DALY CITY (KPIX ) — After a Filipino-American home movie shot mostly in Daly City became a hit, the makers created a sequel, which has already won an award.

It’s an action comedy featuring lumpia. The Filipino egg roll stars in two movies Patricio Ginelsa wrote and directed.

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“We use it as a comic book device, as our main hero weaponized it to protect Fogtown, which is Daly City,” Ginelsa explained.

As a 12-year-old kid, Ginelsa rounded up friends like 9-year-old Francis Custodio to make home movies about superheroes in their Daly City neighborhood.

During summertime, they would make movies in and around Hillside Park and share them with their friends at school.

Years later, as a film student at the University of Southern California, Ginelsa reunited the group in their hometown to make the movie, called Lumpia.

“It became somewhat of a cult hit,” he said. “It’s a wacky comedy. There’s nothing wrong with having fun but it’s also a movie that has a Filipino-American as our hero.”

The sequel, Lumpia with a Vengeance, won the audience award for Best Narrative Film at the Hawaii International Film Festival.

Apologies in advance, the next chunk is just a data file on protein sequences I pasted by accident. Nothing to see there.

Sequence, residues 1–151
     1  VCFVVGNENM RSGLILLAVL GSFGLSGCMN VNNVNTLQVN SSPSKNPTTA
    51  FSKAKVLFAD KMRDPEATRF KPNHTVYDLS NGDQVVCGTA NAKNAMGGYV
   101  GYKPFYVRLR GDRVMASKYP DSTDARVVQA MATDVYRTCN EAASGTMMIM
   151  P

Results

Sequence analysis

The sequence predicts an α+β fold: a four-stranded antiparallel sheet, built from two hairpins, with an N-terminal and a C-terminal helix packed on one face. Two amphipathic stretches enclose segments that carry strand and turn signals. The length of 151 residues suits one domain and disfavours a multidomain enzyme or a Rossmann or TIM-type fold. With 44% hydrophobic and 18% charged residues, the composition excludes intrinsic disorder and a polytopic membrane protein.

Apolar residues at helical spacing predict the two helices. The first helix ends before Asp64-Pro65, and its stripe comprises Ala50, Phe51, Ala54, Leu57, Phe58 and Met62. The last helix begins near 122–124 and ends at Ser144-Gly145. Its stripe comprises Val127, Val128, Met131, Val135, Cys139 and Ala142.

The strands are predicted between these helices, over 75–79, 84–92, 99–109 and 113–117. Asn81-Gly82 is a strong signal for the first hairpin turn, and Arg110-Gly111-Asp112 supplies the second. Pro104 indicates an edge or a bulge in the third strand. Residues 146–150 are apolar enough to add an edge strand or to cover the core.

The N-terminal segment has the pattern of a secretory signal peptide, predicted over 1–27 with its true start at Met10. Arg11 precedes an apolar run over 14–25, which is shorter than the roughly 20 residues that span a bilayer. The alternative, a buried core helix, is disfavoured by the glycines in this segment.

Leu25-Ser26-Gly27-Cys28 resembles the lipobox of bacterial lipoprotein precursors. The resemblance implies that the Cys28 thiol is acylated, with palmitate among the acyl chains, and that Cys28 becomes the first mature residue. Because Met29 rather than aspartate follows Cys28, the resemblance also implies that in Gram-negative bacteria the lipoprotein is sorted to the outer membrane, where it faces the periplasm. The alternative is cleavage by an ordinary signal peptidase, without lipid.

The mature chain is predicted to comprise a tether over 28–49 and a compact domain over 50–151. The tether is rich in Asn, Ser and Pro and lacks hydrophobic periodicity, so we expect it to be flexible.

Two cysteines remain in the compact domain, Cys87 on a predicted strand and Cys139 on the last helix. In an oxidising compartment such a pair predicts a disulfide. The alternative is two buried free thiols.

The Lumpia films, which each took seven years to make, reflect growing up Filipino American and explore prejudice from within the ethnic community.

“There are stories that affected us growing up, such as bullying,” Custodio said. “Filipinos that came from the Philippines versus Americanized Filipinos and how they interact among each other.”

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Riding on Lumpia’s popularity, the sequel raised $50,000 in crowdfunding from almost 800 donors.

Former UFC fighter Mark Munoz and Hollywood star Danny Trejo joined the acting team.

Custodio, a partner at a San Francisco CPA firm, says the production has come a long way from the home movie days, when Ginelsa recorded with a camcorder and they used a boom microphone made with a hockey stick.

“We actually have a script. No more Patricio throwing us lines as we start filming you know,” Custodio laughed.

They even created Lumpia comic books.

Led by Ginelsa, who now lives in Southern California and works at USC, the 200-plus member cast and crew are all part-time filmmakers who are opening new doors of opportunity for Asian Americans.

“Now more than ever, it’s important for our stories to be made and seen,” said Ginelsa.

The popularity of the Lumpia movies show audiences are hungry for their stories.

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Editor’s Note: KPIX news production assistant Lisa Chong is one of the producers of the Lumpia movies